Will South Africa continue to ignore the growing danger of Isis on its doorstep, Al Venter asks.
The last time South Africa was threatened by a war on its own soil was 81 years ago, on 4 September 1939, when Jan Smuts led the Union in the war with Germany.
A week ago, the radical group Al Sounnah wa Djama’ah, a fragmentation of the Islamic State (Isis) who also called themselves Al-Shabaab (“the youth”), announced that they were fighting a battle in South Africa if the South African National Defense Force (SANDF) were to help the Mozambican government defeat their “justified rebellion”, according to Isis’ latest newsletter, Al-Naba .
Cape Town, Port Elizabeth and Durban are all mentioned as possible seats of this struggle.
All three cities have large Muslim communities and radical elements are present, even after the downfall of the radical People Against Gangsterism and Drugs (Pagad), which according to intelligence sources still enjoy strong support.
The South African government has taken the latest threat by Isis seriously that it has decided to wait before deciding whether to send troops or the air force to Mozambique to help.
Mozambique’s jihadist movement has proven in recent months to be the most brutal and violent of all recent insurgencies in Africa.
Explicit videos of murders and mutilated bodies sent from Mozambique’s Cabo Delgado province last week are worse than anything I saw when I reported two decades ago on the war in Sierra Leone, which itself was gruesome: Bodies are systematic chopped up, nearly every victim was beheaded, and limbs and body parts stretched wide over large sections of public roads.
It is a repetition of the Islamist violence by Boko Haram in Nigeria.
Al Sunnah started three years ago as a religious sect transformed into a guerrilla group whose radical program includes the most extreme version of Sharia law, such as the decapitating of hands due to theft and the ban on music. There is even talk that their operations are being financed with the proceeds of drug trafficking.
It’s hard to know exactly how many members they have, but there could easily be as many as 2,000 active participants organized in dozens of cells along Mozambique’s north coast, with access to many more fighters if the call was to go out.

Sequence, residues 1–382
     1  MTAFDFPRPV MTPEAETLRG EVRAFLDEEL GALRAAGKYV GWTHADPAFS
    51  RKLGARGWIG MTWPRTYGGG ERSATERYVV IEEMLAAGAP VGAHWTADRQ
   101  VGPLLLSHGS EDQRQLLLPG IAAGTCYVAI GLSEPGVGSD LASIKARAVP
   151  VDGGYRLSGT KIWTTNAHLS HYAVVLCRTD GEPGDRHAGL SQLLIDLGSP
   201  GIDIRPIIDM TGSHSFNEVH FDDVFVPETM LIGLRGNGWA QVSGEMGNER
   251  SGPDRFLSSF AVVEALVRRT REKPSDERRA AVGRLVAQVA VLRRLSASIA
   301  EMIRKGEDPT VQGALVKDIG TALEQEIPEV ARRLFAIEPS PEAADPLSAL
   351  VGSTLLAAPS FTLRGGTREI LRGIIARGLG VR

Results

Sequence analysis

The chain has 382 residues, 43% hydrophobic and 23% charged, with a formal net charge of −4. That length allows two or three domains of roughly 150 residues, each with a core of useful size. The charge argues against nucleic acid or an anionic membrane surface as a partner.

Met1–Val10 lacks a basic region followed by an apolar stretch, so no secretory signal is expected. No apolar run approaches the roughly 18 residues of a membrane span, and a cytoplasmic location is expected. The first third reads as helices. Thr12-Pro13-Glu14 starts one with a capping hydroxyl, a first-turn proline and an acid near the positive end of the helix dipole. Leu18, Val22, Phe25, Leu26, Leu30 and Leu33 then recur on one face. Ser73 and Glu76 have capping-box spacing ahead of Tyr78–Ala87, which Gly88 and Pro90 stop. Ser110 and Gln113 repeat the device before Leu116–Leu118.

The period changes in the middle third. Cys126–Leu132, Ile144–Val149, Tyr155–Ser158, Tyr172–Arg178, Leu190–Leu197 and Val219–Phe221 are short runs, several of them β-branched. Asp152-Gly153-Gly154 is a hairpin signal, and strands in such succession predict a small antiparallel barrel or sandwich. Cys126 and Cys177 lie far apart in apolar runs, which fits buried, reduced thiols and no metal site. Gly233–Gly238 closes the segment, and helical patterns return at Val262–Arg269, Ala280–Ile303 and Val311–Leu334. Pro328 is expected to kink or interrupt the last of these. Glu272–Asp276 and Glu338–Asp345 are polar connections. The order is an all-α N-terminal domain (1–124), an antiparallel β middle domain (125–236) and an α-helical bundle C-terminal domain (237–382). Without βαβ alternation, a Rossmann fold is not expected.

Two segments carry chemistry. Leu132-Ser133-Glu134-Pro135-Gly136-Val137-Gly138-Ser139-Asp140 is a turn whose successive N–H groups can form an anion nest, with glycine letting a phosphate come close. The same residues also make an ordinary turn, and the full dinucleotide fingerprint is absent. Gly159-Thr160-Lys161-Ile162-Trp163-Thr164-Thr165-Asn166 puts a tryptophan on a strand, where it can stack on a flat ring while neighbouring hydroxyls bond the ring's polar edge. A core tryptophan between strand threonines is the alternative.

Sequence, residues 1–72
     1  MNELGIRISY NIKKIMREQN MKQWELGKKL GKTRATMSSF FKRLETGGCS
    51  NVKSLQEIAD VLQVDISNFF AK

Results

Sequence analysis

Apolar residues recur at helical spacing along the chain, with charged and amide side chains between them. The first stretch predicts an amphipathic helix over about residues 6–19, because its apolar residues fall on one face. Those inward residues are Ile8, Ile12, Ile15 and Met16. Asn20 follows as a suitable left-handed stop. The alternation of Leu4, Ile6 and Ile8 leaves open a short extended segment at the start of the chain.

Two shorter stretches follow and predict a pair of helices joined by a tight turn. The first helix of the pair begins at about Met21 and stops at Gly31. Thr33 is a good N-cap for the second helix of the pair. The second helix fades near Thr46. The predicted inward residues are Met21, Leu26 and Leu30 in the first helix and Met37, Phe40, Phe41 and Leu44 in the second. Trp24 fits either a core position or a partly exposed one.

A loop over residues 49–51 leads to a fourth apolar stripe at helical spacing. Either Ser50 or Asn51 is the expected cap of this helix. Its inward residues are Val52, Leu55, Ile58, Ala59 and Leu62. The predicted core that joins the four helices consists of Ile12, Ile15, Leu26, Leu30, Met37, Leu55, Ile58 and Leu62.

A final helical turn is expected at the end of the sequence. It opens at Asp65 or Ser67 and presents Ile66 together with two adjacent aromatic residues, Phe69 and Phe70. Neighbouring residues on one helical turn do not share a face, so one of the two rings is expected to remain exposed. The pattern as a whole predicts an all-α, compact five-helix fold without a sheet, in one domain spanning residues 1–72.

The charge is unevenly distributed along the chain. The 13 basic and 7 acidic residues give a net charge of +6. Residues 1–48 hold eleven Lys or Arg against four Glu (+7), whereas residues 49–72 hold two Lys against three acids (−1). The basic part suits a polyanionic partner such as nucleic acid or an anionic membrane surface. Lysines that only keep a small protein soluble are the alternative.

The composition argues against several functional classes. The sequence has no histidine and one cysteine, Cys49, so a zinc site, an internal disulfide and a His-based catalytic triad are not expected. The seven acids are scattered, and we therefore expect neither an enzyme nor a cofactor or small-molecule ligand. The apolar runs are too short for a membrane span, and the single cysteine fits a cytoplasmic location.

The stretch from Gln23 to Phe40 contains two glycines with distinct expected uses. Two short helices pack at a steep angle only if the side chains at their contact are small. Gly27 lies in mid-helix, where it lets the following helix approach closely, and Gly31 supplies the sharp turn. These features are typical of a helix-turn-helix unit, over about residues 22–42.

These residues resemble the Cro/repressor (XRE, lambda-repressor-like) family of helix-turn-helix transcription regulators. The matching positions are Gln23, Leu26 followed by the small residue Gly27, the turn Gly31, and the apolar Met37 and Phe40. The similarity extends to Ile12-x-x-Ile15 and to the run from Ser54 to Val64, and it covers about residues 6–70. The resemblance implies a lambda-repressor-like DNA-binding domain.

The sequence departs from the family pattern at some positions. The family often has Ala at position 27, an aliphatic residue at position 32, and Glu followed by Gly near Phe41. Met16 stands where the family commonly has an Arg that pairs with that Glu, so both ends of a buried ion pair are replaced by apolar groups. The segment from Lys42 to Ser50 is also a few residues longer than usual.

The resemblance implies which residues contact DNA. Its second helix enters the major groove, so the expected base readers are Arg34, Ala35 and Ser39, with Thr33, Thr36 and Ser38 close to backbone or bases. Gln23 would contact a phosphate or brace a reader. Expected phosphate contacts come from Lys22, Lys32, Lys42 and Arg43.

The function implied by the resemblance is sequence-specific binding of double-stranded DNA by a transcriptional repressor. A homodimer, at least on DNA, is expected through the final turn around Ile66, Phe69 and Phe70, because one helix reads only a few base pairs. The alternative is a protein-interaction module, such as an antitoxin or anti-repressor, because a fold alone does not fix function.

This is what happened when Russia’s Wagner group became involved in late 2019 – jihadist volunteers flocked to Mozambique from Kenya, Uganda, Somalia and elsewhere, all via Tanzania, whose government made no effort at all to stop them. .
Moscow’s mercenaries held out for a meager three months and then fled Mozambique.
The jihadists may believe that this would happen if they launched a campaign in South Africa. Our borders are porous and no one knows how committed the SANDF will be in the fight against a well-motivated, organized and fanatical religious power, especially after nearly 2,000 innocent Mozambicans have been killed in the north of the country.
The question now being asked, and echoed by DA MP Kobus Marais in his question to the Minister of Defense and Military Veterans, Nosiviwe Mapisa-Nqakula, is whether South Africa is its ally in the Southern African Development Community (SADC) will urgently ask for action. Marais also wanted to know whether the government would simply ignore the growing danger of Isis on our doorstep.
Economic issues are also at stake: Jihadists have already killed contractors in Mozambique’s R23 billion natural gas project – the single largest investment project in Africa.
Some investors have already stopped their investments and a $ 30 billion rail project is also in the balance. America’s ExxonMobil and France’s Total tried in vain in Paris in November to agree on a fightback plan.
The Islamic march continues despite the presence of South African mercenaries of the Cape Lionel Dyck’s Dyck Advisory Group, which has already lost two aircraft in battle. Dyck’s performance is so poor that veteran helicopter pilot Neall Ellis refused a $ 100 a day offer to fly attack helicopters in the Mozambican war for Dyck’s group.